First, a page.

Because of Doane's knowledge of voter disenfranchisement in the U.S. due to "gerrymandering, people with felony records not being able to vote, limited access to polling locations, and a lack of voter education leading up to elections," she felt it was important to hear about obstacles that prevent citizens in other countries from voting in order to allow U.S. citizens to see how these obstacles may be overcome. "These barriers are present in other countries and it is beneficial to learn how other countries have navigated these situations to make politics more accessible to all members of society," she said. In response, Kohler explained that online voting exists in Estonia, which allows citizens to vote from any location enabling high voter turnout.

Panelists were asked to explain what political changes have occurred because of the current political situations in their countries.

Kohler spoke of how the last election proved different because a new far-right conservative party called the “People’s Party” formed. “This was unexpected because mostly there were central political parties or social democrats at this time,” she said. “They are more like nationalists, which people are not very fond of.”

Tounsi explained that Tunisia has a parliamentary presidential system similar to France in that there are two voting rounds for the president, and that the country is in the process of becoming democratic. With a recent election that produced wins for three conservative parties, Tounsi explained that many people have issues with the outcome.

“A big chunk of the population is not really used to ideas of democracy and pluralism,” he said. “But I think it's completely fine because the regular person who is hungry and does not really know much about politics does not care about that. So it's just very ideological in that sense.”

Quradi spoke of how Lebanon is a democratic system, where the political parties do not rely on ideas, but more on 46 sects, creating many political parties. This causes an abundance of fighting among the people.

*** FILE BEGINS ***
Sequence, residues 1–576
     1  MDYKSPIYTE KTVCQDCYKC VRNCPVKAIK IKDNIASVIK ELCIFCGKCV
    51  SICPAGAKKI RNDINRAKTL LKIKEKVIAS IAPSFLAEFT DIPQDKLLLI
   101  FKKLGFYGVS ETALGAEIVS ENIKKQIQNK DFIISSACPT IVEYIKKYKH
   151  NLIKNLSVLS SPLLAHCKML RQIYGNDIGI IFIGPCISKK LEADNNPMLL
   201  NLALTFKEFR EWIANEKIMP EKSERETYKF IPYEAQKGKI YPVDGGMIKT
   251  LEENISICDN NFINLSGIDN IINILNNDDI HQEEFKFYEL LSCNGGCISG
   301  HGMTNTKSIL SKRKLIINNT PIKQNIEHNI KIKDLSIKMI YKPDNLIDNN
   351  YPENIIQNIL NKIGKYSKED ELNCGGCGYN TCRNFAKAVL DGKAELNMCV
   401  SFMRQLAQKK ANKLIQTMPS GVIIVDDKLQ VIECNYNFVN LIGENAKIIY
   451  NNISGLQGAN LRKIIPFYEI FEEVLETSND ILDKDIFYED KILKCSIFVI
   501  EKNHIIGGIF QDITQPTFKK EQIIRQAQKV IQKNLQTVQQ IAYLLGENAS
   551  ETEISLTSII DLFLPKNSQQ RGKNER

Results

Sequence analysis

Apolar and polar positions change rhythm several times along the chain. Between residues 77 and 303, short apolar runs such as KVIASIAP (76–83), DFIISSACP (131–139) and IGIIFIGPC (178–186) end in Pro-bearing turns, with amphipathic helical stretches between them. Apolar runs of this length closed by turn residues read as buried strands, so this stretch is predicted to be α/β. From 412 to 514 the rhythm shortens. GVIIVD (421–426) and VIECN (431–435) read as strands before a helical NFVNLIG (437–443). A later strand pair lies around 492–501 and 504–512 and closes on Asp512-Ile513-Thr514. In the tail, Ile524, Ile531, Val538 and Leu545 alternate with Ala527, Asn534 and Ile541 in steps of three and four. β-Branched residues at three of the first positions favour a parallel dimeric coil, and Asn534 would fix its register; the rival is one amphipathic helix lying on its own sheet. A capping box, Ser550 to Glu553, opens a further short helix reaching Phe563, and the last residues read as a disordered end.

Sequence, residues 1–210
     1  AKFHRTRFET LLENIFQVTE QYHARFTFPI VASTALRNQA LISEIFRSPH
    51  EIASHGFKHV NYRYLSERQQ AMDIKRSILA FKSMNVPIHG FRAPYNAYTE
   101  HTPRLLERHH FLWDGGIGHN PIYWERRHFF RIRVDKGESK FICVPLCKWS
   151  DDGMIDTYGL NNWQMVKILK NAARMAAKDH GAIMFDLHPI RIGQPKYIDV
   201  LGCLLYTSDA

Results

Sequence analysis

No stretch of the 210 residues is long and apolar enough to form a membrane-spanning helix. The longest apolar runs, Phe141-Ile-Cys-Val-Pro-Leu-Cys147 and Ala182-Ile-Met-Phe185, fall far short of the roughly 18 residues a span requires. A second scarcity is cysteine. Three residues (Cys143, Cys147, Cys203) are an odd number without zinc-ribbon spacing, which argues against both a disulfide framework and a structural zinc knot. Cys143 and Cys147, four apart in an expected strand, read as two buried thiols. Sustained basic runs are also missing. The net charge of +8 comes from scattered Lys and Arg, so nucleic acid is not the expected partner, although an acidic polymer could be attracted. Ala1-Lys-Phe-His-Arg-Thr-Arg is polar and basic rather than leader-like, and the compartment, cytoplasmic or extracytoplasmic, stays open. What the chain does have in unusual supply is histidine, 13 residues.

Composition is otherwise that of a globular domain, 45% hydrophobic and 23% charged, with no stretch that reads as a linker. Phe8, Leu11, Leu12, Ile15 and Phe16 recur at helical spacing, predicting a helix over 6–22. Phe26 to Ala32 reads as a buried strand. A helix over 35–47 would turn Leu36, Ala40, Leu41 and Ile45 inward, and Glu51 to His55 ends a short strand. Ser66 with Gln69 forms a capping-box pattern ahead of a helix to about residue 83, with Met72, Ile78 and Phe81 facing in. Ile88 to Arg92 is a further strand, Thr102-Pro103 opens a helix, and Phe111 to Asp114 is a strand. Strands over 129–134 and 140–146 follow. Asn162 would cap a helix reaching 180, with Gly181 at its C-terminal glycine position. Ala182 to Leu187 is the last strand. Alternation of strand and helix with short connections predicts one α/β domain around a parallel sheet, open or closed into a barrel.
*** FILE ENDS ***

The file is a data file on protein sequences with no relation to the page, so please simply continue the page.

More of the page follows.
“I think it’s important for people to learn about how different countries run their political systems in order to understand the limits of accessibility or engagement in politics in their country or abroad.”
“In public, you can talk about politics but it's always charged,” he said. “You will always be attacked if you're not in the same party, because they see their political party as their nationality rather than the country itself being their nationality.”

Ali spoke of how Yemen is a representative democracy and explained that within the People's Council Congress the political parties are split between the government and the Houthis, an Islamic political group.

“Currently, what's going on in Yemen is that half of the country is with the Houthis and the other half is with the actual government, which is backed up by Saudi Arabia and the UAE (United Arab Emirates). And within that government itself, you have three factions that are fighting between each other in the south, aside from the war that is going on with Houthis in the north.”

Among the questions posed to the panel, Doane asked how common is it to talk about politics amongst peers, family, friends and in classes, or is it taboo? “Is there a threat of violence when you're having these conversations about politics and political disagreements?” she asked.